India’s Mars Orbiter Mission

Mangalyaan gets a French Touch

Business & Politics

February 3, 2016

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The Mars Orbiter Mission probe lifted-off from the first launch pad at Andhra Pradesh, using a polar satellite launch vehicle rocket

The Mars Orbiter Mission probe lifted-off from the first launch pad at Andhra Pradesh, using a polar satellite launch vehicle rocket

Mangalyaan, India’s first interplanetary mission satellite, which is orbiting Mars since 2014, will get a French lander.

The Mars Orbiter Mission, also called ‘Mangalyaan’, is a space detector orbiting Mars since 24 September 2014. It was launched on November 5, 2013 by the Indian Space Research Organisation (ISRO) and is India’s first interplanetary mission. Mangalyaan is said to have cost less than it took to film the motion picture ‘Gravity’ which was released to theaters around the same time when the Indian space probe was released from Earth. The orbiter has been a 100 pc success after it was injected into the Martian orbit, where it completed around 120 orbits in one year.

Taking the mission a step ahead and building on the momentum of the current hot Indo-French relationship, France has proposed to assist India in providing a lander for Mangalyaan. In an interview with NDTV, Joel Barre, chief of French Space Agency said, “With Mangalyaan already an orbiter, putting a lander on Mars would be an interesting prospect and France is ready to work with India on it.”

With mangalyaan, ISRO became the fourth space agency to reach Mars after the Soviet space program, NASA, and the European Space Agency. It is the first Asian nation to reach Mars orbit, and the first nation in the world to do so in its first attempt. The primary objective of the Mars Orbiter Mission is to explore Mars’ surface features, morphology, mineralogy and Martian atmosphere.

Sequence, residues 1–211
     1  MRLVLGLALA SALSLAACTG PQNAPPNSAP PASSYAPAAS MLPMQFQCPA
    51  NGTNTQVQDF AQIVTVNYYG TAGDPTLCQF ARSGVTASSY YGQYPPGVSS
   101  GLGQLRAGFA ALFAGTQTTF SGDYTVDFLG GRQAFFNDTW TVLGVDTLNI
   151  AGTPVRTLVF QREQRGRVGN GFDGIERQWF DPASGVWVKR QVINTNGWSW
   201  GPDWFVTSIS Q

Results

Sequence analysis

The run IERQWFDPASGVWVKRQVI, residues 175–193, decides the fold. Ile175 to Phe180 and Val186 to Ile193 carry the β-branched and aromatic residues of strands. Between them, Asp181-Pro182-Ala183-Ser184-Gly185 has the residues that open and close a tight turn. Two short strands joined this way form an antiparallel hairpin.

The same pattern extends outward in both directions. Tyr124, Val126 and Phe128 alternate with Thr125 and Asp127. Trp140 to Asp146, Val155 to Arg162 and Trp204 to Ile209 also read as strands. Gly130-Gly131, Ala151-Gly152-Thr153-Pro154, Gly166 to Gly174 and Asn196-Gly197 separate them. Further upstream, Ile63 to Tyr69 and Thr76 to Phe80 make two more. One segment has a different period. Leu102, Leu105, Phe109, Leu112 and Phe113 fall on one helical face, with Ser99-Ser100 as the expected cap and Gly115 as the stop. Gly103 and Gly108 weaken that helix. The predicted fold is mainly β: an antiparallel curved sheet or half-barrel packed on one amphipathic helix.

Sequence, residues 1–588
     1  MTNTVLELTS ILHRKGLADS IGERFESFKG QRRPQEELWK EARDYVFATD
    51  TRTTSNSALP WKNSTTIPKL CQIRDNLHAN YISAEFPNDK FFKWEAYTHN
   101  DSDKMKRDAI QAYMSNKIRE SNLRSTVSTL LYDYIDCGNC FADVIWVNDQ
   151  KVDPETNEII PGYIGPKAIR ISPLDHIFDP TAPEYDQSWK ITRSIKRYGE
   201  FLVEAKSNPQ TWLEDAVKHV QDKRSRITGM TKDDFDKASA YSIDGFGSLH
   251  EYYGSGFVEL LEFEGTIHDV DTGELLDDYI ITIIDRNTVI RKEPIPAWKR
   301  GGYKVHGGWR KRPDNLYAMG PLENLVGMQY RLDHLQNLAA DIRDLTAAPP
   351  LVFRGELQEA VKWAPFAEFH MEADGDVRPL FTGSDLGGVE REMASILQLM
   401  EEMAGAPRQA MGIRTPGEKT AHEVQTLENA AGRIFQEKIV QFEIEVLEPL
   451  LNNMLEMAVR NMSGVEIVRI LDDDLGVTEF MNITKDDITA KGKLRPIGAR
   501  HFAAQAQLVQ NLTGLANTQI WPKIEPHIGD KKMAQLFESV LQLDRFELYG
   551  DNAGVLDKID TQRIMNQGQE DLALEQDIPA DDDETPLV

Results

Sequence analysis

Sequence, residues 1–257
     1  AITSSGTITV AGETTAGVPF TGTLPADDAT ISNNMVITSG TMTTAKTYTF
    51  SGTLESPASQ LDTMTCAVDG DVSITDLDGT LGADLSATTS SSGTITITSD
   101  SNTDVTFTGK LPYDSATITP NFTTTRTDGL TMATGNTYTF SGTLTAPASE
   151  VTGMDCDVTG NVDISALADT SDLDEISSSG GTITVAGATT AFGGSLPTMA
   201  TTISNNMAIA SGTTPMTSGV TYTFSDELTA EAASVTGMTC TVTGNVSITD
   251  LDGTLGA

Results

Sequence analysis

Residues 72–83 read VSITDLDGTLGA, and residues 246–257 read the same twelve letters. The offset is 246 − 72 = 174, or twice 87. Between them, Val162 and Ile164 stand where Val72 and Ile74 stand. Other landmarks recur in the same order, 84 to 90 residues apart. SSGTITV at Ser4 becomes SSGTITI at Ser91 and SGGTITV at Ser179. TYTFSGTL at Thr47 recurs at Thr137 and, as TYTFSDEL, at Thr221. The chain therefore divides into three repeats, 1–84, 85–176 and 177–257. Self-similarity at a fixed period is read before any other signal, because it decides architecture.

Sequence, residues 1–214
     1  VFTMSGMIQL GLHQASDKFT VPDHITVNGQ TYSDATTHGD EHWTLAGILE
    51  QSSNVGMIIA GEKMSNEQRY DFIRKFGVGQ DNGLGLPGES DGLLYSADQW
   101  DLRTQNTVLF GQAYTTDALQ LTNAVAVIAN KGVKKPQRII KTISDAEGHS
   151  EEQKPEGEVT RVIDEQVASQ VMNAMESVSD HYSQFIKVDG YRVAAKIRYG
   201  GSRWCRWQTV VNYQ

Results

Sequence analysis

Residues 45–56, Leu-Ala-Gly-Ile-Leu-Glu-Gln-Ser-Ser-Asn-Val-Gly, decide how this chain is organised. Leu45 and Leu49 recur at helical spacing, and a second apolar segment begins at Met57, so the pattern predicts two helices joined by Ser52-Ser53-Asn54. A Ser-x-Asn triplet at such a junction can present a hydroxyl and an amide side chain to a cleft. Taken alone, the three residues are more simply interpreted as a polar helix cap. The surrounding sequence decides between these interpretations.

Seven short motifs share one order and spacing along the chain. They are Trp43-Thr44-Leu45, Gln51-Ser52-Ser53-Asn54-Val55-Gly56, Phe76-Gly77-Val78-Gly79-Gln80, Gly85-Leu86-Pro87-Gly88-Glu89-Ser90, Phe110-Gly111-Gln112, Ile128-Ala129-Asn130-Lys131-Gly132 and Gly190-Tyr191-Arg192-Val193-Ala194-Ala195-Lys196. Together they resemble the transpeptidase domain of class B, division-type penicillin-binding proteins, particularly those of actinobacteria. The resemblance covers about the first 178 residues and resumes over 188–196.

India and France signed for a forthcoming mission on Mars to explore the Red planet. France has skilled scientists for both Mars and Venus. Considering that a project to dig into Mars exists already, both the countries signed an agreement to collaborate on this project in the future.
“On the next Indian mission to Mars, there will be a piece of French expertise. It is clear that once you put a satellite in the orbit of Mars, the next step is a lander. It is not so easy, but since we are very skilled I am quite optimistic,” said Jean-Yves Le Gall who holds a doctorate in engineering from the University of Paris-Sud.

Along with this, the countries also signed a pact to make a thermal imaging satellite especially dedicated for studying the changes in climate. Also, on India’s upcoming OceanSAT satellite, France will put an ARGOS payload, which will be devoted for searching and rescuing beacons using space as a platform.

Undoubtedly the Mars mission enhanced the national image and the future space projects will add to the enrichment.

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